I did say I was going to disappear during May to make some changes to my garden but I have only managed a couple of mornings. It’s been cold wet and windy, despite the intermittent sunshine – certainly not what I consider pleasurable gardening weather. So this post is to show you some of what else I have been doing and also to let you know that there have been some changes to this site.
You may have noticed that my web address has changed. I have finally got around to purchasing my own domain, so the address for Forest Moor Designs is now forestmoordesigns.com. This is because I hope to set up a shop with a little of my work listed under different categories, to allow visitors to make a purchase if they choose to do so. I will also have an email dedicated to the site, so that if you want to contact me about any of my work you can do so.
It is slow going I am afraid. I’m not much of a techie person and there is so much to read and familiarise myself with. It sounds easy enough in the guide but by the time I have reached the page to make changes, I can’t find what I am looking for, or I can’t remember all the steps. At the moment I have some of the same information on both my Home page and my Blog page and this needs attention, among other things, so I hope you will bear with me while I make the necessary changes. My blog posts should be coming to you as usual but if this doesn’t seem to be happening, please get in touch and let me know.
Last week I happened to be doing a brief online workshop with a textile artist called Saima Kaur who, inspired by Indian folk art, creates embroidered narratives on bright background fabrics, often with text. This seemed to be a good way to use up some of the bright solids and prints I no longer use. When I first started quilting, I bought lots of bright fabrics because I intended to make quilts for babies and young children but I no longer want to do this, having found that I enjoy making very small wall quilts instead, with a more subtle colour palette.
I had the idea of making a small improvised Log Cabin quilt with bright embroidered centres. By improvised I mean that the pieces that make up each block will be slightly random; different in size and shape and placed irregularly within the background – unlike the multiple rigid box shapes that you see, one inside the other, in traditional Log Cabin patterns.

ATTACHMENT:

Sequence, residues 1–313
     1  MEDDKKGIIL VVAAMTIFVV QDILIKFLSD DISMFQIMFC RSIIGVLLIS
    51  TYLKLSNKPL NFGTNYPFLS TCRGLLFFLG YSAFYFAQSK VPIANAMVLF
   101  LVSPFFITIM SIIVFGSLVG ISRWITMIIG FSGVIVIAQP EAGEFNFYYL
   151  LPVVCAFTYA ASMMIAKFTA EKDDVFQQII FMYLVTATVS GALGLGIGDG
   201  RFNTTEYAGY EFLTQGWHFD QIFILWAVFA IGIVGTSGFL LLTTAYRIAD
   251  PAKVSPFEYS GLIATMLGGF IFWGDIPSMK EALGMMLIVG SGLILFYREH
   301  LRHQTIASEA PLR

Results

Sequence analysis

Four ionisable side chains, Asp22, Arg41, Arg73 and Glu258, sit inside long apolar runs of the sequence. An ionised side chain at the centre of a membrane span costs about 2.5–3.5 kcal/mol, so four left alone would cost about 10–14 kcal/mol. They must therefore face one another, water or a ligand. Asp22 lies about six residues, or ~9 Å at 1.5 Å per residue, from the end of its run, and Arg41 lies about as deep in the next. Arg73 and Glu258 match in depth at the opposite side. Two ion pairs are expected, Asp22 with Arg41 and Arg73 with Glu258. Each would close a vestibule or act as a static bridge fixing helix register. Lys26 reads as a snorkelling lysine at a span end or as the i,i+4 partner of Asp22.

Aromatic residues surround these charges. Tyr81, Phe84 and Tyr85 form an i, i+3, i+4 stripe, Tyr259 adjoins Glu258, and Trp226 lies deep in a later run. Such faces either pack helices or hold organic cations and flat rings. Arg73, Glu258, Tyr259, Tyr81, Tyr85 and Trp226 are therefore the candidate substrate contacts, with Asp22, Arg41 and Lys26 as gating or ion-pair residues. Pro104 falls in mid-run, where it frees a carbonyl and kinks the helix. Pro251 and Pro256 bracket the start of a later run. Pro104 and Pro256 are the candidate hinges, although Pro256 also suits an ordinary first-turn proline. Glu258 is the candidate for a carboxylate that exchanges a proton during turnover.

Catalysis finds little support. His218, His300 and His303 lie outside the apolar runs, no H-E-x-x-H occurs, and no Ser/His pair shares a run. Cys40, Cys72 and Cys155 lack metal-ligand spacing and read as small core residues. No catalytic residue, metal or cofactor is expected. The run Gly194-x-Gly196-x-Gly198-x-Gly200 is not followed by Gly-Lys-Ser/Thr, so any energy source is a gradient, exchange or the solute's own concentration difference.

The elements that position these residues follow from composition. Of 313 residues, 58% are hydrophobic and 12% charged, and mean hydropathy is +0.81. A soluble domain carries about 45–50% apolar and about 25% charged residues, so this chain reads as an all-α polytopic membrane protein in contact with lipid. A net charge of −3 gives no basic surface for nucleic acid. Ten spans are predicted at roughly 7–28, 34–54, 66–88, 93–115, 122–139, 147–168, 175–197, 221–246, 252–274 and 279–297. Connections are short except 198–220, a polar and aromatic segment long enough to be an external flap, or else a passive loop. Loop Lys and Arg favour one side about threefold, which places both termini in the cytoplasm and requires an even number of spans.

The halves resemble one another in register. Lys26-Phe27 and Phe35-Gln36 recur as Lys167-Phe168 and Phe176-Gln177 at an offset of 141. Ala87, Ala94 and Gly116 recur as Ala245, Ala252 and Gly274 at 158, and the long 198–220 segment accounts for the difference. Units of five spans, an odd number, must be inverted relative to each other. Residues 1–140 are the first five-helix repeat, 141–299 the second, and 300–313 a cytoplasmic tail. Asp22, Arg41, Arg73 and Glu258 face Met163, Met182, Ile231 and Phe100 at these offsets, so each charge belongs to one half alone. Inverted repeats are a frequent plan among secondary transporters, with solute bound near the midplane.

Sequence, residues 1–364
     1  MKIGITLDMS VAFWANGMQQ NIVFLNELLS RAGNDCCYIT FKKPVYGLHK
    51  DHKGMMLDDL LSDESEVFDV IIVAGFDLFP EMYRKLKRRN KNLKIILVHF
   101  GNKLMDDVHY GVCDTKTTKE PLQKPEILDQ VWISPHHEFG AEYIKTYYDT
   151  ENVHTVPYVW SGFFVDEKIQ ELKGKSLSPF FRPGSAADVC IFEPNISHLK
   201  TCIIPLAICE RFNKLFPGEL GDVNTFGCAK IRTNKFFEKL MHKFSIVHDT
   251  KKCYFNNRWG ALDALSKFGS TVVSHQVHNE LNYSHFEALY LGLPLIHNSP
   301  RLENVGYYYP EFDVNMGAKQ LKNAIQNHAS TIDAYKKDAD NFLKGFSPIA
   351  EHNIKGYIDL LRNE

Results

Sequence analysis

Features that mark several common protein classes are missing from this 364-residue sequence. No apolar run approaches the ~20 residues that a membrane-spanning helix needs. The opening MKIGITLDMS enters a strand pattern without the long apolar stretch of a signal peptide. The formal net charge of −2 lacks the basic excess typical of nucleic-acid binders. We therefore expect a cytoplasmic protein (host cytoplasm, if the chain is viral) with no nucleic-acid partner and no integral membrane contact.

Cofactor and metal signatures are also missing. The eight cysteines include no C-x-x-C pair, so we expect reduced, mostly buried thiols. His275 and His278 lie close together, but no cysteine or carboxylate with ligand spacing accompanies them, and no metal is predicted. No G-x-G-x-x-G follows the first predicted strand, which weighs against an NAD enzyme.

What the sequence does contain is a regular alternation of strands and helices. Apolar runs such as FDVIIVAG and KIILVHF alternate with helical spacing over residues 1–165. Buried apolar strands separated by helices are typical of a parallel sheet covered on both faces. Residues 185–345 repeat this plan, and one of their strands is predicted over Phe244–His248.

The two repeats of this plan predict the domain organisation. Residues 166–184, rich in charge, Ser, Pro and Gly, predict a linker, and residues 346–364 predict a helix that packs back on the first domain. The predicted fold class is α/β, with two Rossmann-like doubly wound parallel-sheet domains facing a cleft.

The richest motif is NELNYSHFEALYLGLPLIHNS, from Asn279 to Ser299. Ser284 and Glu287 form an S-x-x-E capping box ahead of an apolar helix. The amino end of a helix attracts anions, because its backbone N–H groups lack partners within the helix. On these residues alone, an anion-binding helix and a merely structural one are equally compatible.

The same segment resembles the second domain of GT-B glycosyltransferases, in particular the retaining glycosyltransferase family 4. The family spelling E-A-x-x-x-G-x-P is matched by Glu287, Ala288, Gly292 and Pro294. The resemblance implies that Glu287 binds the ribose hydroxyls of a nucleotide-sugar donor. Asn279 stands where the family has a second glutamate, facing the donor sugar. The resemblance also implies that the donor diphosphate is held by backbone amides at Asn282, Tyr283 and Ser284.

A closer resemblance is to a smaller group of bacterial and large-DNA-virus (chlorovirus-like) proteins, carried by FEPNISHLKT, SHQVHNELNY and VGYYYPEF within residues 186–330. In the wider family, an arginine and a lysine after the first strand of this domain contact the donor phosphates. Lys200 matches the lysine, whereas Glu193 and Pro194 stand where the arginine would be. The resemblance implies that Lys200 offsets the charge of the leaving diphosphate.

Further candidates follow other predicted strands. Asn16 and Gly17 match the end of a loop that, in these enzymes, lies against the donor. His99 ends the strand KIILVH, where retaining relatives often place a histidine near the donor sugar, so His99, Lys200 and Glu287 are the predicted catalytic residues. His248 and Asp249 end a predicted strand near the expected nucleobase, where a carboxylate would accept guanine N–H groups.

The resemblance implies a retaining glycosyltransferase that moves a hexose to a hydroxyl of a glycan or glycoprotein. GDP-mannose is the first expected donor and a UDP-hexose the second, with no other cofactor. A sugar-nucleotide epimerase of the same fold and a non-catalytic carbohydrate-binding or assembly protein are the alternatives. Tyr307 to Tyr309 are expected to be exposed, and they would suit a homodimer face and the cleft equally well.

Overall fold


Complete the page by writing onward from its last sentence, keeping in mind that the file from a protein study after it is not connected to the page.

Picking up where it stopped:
Here is a very rough pencil sketch of what I have in mind:
When my daughter sends me a card for any occasion, she decorates the inside of them with little coloured drawings of animals, to make me smile. I decided to embroider these drawings onto bright solid fabrics so that each one would form the centre of one of the Log Cabin blocks. I have chosen to use four bright Moda Bella solids, pink, green, red and possibly gold, the sorts of colours found in Indian folk art, with a view to having three embroideries on each colour background, so twelve blocks in all. All of embroideries will co-ordinate with the printed fabric that will surround them.
Each of the drawings has a playful, almost circus theme. Here are the first three, on pink:
There is lots more to do. I shall probably add more to the ones I have done, too, especially filling in the backgrounds with small dots or stars. I want them to be bright and busy.
Here is an example of one of the co-ordinating fabrics; they are Indian cotton, striped and checked fabrics that I bought years ago. I am not sure they will lend themselves to English Paper Piecing as they are rougher and thinner, with a looser weave than the high quality cottons I usually use, but they suit the theme. I’ll see how it goes.
English Paper Pieces for a traditional log cabin design can be bought from linapatchwork.com, and it’s easy to use parts of it to design a non-traditional one. Alternatively you can ask Nancy to make pieces for you according to your own pattern.
I hope by the time I write my next post that my website will be beginning to look and behave as I want it to. In the meantime, I will work towards faster progress with it – and my garden!
Till next time…